I thought that it might be a worthwhile exercise to take an in-depth look at Pelikan’s new M605 Green-White fountain pen. When news of this model first broke back in early June, I immediately had two concerns. The first was that the actual product would not look at all like what was depicted in the pre-release photographs. There certainly is precedent for that as we have seen with various models over the last several years. My second worry was that the green striped barrel would not distinguish itself enough from the standard Green/Black model to be impactful. With the pen finally in hand, it quickly became clear that neither concern was founded. The newest M605 continues Pelikan’s trend of marrying colorful M6xx barrels with white resin which started in earnest circa 2015 with the M600 Pink. I was curious to see just how well the green striped barrel would marry with the white resin given what we’ve seen with the company’s other pastel colored releases. Prior models with a similar color scheme have included the M600 Violet-White (2019), the M600 Turquoise-White (2018), the M605 White-Transparent (2017), and the M600 Pink (2015). Notice that only one of those listed is another M605 sporting the typical silver colored palladium plated trim. These white resin models do have their detractors and some of that criticism is certainly valid. Sadly, the merits of the pen are marred by its regional pricing. Read on to discover whether or not the M605 Green-White is worth a second look and perhaps a spot amongst your flock.Continue reading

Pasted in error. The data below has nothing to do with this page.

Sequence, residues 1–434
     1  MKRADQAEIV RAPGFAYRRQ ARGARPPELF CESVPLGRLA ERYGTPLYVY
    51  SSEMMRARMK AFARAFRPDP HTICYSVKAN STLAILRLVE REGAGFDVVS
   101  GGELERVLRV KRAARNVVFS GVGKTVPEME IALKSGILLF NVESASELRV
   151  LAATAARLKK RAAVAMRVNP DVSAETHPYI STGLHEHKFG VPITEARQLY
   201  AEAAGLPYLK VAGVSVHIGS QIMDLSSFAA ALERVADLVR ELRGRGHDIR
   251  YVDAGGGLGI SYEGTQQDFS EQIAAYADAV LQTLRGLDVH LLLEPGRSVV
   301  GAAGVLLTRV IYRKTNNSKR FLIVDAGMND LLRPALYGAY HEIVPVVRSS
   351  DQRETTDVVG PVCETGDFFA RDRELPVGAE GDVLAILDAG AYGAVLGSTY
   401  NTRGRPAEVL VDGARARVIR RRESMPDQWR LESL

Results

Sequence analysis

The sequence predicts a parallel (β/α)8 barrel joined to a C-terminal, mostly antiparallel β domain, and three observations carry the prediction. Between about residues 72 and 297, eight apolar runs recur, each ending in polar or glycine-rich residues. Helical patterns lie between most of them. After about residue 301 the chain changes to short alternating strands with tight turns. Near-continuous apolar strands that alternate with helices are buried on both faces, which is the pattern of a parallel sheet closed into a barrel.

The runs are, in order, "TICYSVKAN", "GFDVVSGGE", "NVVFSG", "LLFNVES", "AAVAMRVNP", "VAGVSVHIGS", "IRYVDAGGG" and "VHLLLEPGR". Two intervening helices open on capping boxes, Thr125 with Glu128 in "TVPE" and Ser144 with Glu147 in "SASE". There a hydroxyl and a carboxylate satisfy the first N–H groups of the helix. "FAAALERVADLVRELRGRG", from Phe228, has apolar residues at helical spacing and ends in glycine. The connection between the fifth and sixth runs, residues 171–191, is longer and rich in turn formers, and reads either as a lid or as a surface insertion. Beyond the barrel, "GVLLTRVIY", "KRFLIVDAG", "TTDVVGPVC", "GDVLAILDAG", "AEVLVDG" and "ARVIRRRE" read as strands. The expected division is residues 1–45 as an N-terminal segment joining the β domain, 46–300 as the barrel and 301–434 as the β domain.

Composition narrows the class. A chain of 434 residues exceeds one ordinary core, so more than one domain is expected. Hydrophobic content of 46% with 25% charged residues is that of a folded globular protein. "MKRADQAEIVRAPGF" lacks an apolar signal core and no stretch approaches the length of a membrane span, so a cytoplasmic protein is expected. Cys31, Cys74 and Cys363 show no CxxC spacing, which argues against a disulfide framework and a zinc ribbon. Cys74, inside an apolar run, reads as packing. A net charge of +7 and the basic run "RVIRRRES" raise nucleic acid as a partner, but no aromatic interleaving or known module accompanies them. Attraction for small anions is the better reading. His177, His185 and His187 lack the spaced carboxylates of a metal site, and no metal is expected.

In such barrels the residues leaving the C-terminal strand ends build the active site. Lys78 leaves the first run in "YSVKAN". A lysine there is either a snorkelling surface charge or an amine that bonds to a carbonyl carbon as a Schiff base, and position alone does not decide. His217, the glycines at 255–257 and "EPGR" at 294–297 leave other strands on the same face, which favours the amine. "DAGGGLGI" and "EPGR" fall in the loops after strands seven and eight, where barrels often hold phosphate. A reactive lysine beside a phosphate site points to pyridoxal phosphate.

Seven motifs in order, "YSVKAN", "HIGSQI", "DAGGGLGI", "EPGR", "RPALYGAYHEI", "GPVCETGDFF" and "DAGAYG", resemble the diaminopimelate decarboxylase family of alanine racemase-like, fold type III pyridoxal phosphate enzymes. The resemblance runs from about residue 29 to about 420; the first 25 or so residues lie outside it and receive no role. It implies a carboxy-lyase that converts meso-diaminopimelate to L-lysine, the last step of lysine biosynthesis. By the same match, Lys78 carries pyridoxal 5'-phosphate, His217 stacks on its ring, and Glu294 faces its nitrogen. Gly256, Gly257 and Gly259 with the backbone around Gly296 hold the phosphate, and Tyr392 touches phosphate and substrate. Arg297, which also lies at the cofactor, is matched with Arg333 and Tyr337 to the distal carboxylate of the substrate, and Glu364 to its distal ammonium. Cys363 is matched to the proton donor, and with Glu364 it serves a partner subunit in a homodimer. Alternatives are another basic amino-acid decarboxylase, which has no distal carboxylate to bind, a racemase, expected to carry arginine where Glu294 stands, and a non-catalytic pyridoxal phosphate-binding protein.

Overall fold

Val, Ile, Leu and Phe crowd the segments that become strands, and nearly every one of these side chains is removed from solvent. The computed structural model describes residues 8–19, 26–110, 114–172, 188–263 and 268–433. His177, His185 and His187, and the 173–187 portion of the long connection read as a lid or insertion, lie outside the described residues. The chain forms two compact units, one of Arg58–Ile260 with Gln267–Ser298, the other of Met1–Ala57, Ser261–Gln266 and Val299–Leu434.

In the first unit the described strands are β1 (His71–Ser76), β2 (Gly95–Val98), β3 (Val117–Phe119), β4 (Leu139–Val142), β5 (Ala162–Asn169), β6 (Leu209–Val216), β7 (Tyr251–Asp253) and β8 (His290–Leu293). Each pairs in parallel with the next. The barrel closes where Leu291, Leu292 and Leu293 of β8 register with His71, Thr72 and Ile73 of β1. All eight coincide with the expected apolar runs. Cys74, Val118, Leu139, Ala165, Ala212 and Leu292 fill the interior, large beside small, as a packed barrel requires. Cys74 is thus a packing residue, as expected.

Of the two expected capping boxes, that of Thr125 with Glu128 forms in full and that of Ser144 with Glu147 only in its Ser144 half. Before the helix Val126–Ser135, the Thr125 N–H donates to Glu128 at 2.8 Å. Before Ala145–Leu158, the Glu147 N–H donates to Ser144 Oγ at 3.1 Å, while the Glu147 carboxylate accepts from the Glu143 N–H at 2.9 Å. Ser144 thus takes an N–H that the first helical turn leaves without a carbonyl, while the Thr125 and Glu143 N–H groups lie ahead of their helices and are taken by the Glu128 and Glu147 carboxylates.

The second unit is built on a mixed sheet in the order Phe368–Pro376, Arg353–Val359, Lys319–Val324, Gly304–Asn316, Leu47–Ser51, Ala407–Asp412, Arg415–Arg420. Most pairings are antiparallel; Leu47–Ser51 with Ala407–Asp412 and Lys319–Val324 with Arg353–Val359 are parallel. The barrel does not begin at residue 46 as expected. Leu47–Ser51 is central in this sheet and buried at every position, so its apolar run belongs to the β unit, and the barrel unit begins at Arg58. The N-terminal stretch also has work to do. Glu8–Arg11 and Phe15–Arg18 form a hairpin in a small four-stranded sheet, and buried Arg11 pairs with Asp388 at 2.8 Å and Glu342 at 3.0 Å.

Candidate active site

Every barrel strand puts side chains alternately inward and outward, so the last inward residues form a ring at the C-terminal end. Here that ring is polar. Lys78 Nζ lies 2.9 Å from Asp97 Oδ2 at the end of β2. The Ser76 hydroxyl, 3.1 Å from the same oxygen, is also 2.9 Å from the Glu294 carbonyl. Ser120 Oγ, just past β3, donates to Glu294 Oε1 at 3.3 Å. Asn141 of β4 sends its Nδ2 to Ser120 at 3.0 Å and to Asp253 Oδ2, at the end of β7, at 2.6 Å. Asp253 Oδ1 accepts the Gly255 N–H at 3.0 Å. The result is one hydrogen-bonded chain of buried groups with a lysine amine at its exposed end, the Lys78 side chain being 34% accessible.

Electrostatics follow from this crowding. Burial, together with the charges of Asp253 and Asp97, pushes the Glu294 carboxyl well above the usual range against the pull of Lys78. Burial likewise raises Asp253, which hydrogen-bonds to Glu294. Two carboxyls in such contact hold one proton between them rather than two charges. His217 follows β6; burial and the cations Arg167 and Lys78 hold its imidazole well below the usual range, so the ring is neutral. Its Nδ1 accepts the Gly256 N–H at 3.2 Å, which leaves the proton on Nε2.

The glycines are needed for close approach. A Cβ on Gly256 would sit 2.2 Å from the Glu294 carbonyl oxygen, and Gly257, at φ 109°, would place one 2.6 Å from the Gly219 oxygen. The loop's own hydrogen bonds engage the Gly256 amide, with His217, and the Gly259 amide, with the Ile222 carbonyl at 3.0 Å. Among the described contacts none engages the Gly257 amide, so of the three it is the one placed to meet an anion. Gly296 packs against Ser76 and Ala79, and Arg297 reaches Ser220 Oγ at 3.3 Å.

The subject of today’s review is the new Pelikan M205 Petrol-Marbled, a model that has already managed to generate a bit of controversy despite its relatively brief existence. First announced in March of this year, the M205 began shipping to consumers in late April. Right around that time, Pelikan released an apology when it came to light that the pre-release photos did not properly depict the actual product being shipped. The pen was initially shown with a chromium plated cap ring (technically the clipschraube/clip screw or crown cap nut) but, as it turns out, the actual product sports an un-plated, black plastic ring. A minor detail to be sure but one that affects the overall look of the pen in a rather meaningful way. Pelikan passed this off as a simple oversight but not everyone has taken that explanation at face value. Controversy aside, the Petrol-Marbled joins an expanding line of marbled finishes, predominantly found on the company’s Classic line of pens, though this is only the second M205 to flaunt a marbled finish. The first was the M205 Blue Marbled from 2016. Other, more recent entries in that style include the re-introduced M200 Green Marbled (2015), the M200 Brown Marbled (2017), and the M200 Gold Marbled (2019). The marbling of the Petrol’s finish has a dark but lively feel to it and really plays well with the light though there are inconsistencies that will mar the pen for some. It’s also hard to look at the Petrol-Marbled and not be reminded of 2017’s M805 Ocean Swirl which sports a similar color scheme, all-be-it, in a different pattern. The M205 Petrol-Marbled may well have enough going for it in the looks department to be able to rise above any small controversy over some trim. Read on to learn if it might be a good fit for you or if this is one you should sit out for the time being.Continue reading